Increasingly Rapid Greenhouse Effect?

ByABC News
February 16, 2006, 11:31 AM

Feb. 16, 2006 — -- The hulking southern glaciers of Greenland are melting rapidly -- at a rate quicker than previously thought.

In only five years, the amount of freshwater the melting glaciers have dumped into the Atlantic has nearly doubled, which has caused many scientists to conclude that current projections of how fast sea levels will rise have been too low.

The melting glaciers, moving quickly across the ocean, may account for about 17 percent of the estimated one-10th of an inch annual rise in sea levels, according to a study released today by Eric Rignot, of NASA's Jet Propulsion Laboratory in Pasadena, Calif., and his co-author, Pannir Kanagaratnam, of the University of Kansas.

An increase in surface air temperatures appears to be causing the glaciers to flow faster -- at up to 8 to 9 miles a year at their fastest clip. They have also been dumping increased volumes of ice into the Atlantic.

"The behavior of the glaciers that dump ice into the sea is the most important aspect of understanding how an ice sheet will evolve in a changing climate," Rignot told The Associated Press. "It takes a long time to build and melt an ice sheet, but glaciers can react quickly to temperature changes."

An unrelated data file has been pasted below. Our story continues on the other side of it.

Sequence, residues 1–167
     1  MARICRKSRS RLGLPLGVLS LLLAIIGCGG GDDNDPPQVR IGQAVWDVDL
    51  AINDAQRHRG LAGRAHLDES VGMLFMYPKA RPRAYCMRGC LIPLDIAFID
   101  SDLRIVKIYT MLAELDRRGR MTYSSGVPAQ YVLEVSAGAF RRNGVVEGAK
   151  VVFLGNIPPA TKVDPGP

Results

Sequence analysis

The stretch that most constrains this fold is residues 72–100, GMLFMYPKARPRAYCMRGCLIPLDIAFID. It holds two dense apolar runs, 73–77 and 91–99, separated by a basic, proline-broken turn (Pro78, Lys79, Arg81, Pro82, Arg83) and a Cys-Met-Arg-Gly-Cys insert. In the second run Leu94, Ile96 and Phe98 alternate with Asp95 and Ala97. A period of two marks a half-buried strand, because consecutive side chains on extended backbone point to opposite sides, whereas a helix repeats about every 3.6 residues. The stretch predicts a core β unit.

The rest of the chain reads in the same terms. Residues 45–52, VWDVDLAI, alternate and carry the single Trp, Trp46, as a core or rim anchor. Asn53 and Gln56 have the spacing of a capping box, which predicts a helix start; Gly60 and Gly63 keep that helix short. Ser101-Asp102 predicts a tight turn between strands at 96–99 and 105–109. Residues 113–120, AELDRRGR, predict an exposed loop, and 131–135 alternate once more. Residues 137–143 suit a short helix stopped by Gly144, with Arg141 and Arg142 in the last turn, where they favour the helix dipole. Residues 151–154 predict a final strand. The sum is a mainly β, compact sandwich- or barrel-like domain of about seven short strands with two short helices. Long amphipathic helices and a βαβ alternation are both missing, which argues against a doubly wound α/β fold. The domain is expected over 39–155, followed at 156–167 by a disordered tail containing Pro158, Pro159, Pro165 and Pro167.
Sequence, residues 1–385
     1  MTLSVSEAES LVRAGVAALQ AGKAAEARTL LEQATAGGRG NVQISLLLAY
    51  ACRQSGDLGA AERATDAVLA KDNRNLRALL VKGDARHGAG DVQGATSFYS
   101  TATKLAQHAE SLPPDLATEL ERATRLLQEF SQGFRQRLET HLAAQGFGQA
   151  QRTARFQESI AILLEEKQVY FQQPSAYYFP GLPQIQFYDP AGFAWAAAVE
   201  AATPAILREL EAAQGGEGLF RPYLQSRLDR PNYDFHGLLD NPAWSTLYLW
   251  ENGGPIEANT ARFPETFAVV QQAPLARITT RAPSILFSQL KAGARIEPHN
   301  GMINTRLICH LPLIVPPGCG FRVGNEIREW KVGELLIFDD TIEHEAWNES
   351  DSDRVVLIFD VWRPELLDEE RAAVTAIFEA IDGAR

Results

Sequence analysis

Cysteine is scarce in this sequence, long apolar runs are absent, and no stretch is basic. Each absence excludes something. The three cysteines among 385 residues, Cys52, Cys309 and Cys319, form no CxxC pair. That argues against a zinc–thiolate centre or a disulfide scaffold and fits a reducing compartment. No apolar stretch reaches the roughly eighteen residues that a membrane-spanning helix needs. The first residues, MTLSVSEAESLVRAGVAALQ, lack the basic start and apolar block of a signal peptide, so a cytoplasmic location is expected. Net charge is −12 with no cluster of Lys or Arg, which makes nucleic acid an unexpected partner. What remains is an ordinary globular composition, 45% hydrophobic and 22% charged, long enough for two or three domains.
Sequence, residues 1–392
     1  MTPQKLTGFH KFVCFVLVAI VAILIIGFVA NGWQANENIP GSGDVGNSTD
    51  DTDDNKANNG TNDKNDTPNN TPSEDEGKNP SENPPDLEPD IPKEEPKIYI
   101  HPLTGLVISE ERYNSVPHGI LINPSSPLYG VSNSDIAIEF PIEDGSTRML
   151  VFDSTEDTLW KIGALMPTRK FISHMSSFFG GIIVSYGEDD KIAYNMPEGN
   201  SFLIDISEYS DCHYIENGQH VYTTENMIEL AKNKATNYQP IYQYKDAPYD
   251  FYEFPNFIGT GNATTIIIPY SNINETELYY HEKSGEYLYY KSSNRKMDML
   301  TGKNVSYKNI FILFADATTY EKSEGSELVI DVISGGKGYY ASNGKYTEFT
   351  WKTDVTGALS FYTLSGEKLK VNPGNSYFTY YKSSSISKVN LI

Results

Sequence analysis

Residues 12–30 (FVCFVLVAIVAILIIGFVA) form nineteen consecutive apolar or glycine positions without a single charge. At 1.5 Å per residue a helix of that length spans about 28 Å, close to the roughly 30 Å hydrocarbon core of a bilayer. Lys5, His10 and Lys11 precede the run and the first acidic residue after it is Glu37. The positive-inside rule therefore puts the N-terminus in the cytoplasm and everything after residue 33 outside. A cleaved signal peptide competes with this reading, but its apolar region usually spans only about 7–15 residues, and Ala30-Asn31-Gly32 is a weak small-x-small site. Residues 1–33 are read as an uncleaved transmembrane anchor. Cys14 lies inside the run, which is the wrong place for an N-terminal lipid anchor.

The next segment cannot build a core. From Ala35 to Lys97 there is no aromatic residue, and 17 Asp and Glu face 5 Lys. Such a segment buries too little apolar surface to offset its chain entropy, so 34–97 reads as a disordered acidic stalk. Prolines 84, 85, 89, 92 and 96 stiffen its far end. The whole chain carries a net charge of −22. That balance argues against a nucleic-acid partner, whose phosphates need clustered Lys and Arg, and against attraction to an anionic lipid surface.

That stepped-up flow accounted for about two-thirds of the net 54 cubic miles of ice Greenland lost in 2005. That compares with 22 cubic miles lost in 1996, Rignot said.

Details of the study were presented Thursday at the annual meeting of the American Association for the Advancement of Science. The study appears Friday in the journal Science.

The increased rise in sea level could have possible runaway effects that could produce a dramatic rise in sea levels, potentially making storm damage far worse, by the time today's toddlers reach middle age, some scientists predict.

Scientists also worry about the effect all this fresh-melt water will have on the Atlantic's Gulf Stream "conveyor belt" currents. These currents have long kept the northeastern United States, Britain and northwestern Europe relatively warm for their northern latitudes by transporting heat up from the tropics. Too much freshwater slows these currents, said scientists.